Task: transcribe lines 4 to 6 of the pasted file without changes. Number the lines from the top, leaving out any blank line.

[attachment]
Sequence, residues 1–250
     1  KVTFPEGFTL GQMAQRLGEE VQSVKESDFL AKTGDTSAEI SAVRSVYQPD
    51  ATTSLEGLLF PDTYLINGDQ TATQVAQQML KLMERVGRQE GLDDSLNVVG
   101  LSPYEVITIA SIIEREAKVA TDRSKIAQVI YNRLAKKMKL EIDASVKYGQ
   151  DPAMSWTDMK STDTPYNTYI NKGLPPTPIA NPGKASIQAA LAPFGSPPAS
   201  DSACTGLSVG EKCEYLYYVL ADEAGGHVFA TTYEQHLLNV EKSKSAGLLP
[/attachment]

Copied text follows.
   101  LSPYEVITIA SIIEREAKVA TDRSKIAQVI YNRLAKKMKL EIDASVKYGQ
   151  DPAMSWTDMK STDTPYNTYI NKGLPPTPIA NPGKASIQAA LAPFGSPPAS
   201  DSACTGLSVG EKCEYLYYVL ADEAGGHVFA TTYEQHLLNV EKSKSAGLLP